Payback, as they say, is always a bitch. And in this sense, there is a strange karmic sense to the tale of the Squirrel. After I moved away, he became the head Chicano fag in the department, but more like a symbolic figurehead. He was, frankly, not original enough to truly assume my role, or as I would describe him later, he became a gay mascot for those who couldn’t really stand a sassy, sharp gay man: safe, neutered, inoffensif. While my social life (and to a certain extent professional life, for some faculty decided it was best not to be associated with me) in doctoral town lay in tatters (after I moved away, he crowed triumphantly to old friends from PU that “That bitch [i.e., Oso] is out of favour now!”), he assumed in many ways what had been my life there. But he was obviously not an astute judge of human character. If people are so ready to throw off relationships for the flimsiest of reasons, for their own personal and ideological edification, it is only be a matter of time before the pattern repeats itself. Even now, years later, the reasons remain shrouded in mystery, but at the end of one academic year and ABD with some substantial work completed for the thesis, the Squirrel left campus quietly, resumed his old life in the real world, and never returned to the program or completed his degree.
He never discussed the matter with his advisor, never talked to the department administrator, nothing. One day, he just disappeared back into the non-academic world, literally with grading left behind. Both advisor and the department admin have made occasional inquiries to me if I know what happened. I do not, and the silence of mutual friends from PU, so anxious not to get in the middle of something, means I still don’t have the whole story, although I do know he is basically doing the same thing he was before graduate school and apparently has an abusive boyfriend (not the child bride, who is ancient history now). Perhaps the Squirrel realised that assuming a life is not the same as having one, and returned to a truer incarnation. At this point, over ten years later, the details are less important than the allegory, not necessarily for me or for the Squirrel immediately, but for how the vaunted pipeline for faculty of color remains treacherous, and how sometimes we cooperate with the forces arrayed against us, how we become and remain tools of the very hegemonies we putatively seek to undermine. The Squirrel is history, but several of his co-conspirators are rather well-placed, elegantly spouting appropriate rhetoric and making some money. I find myself in the odd position of wondering whatever happened to the Squirrel, when those who once found in him a convenient tool have moved on: luscious, glossy, ruby red rhetoric hiding their vicious fangs.
There is no transparent moral to this tale, necessarily, and I certainly was not the only one in the program to suffer such ideological fates, which is one reason why certain graduates from my program have terrible reputations as polemic automatons and unpleasant, rigid colleagues. I remain marked by this experience in ways that are idiosyncratic and iconoclastic. People can be mean, people can be capricious, but the collapse of the clika and the simultaneous destruction of the professional connections based on it, was a deeply affecting shock, a lesson ultimately in human cruelty but also social frailty, the tenuous emotional and social bonds of collegiality, of which the Squirrel is only but one possible example. Intellectually, the limits of identity politics as a true basis for socio-professional affiliation were reasserted, and a deep skepticism of those who rely on such easy equations grounded in my own bruising experience flowed directly into my intellectual project, which refused explicitly these politics in favour of deconstructing their bases in rhetoric and discourse. And such decisions have a direct influence on where we are, who we become, and how we function within the profession, as much as for our individual personalities as for how we become, through trauma and enlightenment, paragons for esoteric ideas and themes.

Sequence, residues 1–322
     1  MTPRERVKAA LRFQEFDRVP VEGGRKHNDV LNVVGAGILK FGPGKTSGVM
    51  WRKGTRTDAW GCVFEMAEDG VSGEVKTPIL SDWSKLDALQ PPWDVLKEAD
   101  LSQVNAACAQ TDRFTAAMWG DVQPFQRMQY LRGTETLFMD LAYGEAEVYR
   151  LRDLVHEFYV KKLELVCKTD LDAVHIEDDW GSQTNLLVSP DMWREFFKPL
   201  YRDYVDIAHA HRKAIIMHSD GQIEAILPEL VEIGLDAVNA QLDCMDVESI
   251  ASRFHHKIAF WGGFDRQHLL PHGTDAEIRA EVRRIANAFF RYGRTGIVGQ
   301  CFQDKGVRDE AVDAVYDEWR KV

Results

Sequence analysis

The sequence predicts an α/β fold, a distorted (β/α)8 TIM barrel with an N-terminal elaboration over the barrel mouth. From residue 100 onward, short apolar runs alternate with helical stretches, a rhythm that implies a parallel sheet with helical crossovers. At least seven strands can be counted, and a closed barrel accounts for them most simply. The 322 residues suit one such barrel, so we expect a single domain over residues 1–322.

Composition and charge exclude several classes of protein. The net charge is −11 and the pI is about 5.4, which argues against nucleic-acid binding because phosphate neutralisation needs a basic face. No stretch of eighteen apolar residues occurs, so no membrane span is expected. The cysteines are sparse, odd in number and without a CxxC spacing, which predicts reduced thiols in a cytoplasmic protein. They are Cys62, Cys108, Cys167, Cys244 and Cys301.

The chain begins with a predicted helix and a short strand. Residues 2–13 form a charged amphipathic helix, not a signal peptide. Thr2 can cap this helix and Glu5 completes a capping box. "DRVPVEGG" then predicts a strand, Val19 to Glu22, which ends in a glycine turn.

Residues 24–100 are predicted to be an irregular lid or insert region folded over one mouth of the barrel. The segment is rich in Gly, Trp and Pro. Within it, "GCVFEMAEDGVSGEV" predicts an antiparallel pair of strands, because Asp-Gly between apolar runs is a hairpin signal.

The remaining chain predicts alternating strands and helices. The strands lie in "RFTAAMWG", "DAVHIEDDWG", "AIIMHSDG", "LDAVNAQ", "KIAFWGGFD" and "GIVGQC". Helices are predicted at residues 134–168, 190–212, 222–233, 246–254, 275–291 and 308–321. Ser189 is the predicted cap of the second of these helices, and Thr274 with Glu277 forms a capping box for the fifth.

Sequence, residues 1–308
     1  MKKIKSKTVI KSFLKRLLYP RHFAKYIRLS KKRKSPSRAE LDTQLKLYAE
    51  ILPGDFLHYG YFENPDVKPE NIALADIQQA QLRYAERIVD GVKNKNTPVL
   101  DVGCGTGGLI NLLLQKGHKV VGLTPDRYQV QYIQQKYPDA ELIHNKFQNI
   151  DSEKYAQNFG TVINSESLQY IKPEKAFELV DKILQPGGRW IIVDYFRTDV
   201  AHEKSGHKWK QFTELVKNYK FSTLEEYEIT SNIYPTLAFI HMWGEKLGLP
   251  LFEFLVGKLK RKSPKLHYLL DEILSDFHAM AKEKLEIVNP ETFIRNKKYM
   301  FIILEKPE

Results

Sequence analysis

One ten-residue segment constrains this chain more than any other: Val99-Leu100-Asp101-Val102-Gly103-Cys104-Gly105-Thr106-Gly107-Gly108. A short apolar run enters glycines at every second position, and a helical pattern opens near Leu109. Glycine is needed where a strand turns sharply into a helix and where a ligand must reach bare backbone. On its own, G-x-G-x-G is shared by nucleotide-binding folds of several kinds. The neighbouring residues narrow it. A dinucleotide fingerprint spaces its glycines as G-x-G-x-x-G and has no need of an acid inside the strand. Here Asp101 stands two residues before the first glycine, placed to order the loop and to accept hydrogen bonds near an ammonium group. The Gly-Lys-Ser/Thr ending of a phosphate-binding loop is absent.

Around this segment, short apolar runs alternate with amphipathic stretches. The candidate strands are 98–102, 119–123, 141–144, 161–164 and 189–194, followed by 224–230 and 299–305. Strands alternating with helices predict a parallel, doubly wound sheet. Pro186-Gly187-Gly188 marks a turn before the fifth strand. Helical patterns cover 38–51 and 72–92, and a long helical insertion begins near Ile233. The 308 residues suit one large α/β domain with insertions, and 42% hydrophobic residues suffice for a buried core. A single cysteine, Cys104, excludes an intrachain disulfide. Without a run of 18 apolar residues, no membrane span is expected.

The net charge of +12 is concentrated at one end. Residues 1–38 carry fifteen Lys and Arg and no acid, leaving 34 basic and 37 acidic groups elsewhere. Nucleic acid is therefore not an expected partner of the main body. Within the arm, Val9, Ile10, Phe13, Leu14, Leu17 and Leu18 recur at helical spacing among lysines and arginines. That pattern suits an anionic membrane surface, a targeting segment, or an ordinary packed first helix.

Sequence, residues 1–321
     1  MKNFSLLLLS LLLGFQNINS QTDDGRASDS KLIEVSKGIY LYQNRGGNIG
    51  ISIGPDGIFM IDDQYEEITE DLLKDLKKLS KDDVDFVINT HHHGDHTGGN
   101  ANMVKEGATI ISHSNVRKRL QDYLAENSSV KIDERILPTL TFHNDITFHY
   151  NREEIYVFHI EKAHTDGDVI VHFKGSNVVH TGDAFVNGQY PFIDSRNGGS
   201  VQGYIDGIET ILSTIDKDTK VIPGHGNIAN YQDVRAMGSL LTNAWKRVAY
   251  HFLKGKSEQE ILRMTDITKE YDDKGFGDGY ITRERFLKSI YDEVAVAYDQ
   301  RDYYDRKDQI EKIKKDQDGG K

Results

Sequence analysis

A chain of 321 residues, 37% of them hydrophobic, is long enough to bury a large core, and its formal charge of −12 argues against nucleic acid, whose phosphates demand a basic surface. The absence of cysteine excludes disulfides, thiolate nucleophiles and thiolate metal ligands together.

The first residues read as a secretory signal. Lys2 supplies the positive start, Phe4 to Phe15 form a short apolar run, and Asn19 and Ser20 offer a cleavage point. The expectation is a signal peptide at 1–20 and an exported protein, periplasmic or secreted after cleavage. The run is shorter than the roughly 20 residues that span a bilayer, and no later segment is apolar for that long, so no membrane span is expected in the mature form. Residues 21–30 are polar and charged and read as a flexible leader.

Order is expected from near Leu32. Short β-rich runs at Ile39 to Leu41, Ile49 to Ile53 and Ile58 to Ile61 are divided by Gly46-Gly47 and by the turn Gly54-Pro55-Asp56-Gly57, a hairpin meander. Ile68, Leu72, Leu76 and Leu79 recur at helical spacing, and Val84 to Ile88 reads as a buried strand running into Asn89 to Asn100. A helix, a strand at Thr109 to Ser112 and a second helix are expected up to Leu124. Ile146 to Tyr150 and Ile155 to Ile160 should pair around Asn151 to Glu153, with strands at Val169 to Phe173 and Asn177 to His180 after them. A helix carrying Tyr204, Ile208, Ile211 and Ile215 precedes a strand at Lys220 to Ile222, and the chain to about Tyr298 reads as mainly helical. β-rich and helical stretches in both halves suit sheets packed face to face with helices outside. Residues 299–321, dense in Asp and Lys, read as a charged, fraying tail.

The house on the street bordering campus remains a reminder of this strange time in my life. It is cuter now, painted fashionable colours and the home of an equally cute lesbian couple, from what I can tell from randomly passing by and seeing the new residents trim their grass, or bring in groceries. The house represents the apex and nadir of particular fantasies about my life, my friends, and my career that were once powerfully determinant in my life. As The Fierceness once intoned, with her usual perspicacity, “These people are your colleagues, not your friends.” The desire to keep these things kosher, or at least consider them critically, is rooted in that small house, where I grew morning glories and baked quiches and hosted parties and lived, briefly, the life I thought I wanted to lead, at one time.